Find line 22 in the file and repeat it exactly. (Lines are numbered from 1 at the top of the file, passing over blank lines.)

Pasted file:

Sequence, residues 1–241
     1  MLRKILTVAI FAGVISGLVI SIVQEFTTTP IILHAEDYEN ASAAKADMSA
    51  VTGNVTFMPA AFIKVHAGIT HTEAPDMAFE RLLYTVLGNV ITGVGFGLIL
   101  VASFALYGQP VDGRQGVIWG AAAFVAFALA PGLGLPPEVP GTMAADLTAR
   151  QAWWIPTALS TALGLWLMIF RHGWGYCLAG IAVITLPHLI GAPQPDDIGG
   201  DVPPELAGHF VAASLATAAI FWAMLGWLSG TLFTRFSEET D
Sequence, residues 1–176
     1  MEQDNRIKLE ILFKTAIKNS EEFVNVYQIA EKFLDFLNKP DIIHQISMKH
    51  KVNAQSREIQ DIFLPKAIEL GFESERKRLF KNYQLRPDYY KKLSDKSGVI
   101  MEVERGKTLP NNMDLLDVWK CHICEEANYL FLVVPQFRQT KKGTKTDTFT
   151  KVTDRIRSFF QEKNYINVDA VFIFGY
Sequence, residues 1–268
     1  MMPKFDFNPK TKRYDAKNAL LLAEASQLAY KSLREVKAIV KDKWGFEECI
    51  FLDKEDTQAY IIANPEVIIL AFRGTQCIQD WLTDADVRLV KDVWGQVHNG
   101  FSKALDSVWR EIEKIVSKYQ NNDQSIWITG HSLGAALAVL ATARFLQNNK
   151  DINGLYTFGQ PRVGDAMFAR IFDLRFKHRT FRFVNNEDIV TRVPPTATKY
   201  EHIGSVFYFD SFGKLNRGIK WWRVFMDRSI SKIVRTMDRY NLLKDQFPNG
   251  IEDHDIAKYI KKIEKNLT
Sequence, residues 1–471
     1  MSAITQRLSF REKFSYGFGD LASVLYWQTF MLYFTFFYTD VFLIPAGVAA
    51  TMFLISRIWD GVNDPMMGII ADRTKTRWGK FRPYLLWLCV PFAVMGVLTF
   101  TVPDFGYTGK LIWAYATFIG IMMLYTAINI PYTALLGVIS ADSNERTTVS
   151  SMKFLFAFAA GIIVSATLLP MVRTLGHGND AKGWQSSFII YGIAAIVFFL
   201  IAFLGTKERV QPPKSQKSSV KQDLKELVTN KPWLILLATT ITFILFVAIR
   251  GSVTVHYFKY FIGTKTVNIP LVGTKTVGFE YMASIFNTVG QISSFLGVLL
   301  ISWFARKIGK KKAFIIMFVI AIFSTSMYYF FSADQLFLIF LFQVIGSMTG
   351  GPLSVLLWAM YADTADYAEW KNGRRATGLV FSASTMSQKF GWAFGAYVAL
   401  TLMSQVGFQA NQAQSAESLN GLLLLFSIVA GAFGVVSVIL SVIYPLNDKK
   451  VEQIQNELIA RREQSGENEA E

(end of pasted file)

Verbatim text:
   101  TVPDFGYTGK LIWAYATFIG IMMLYTAINI PYTALLGVIS ADSNERTTVS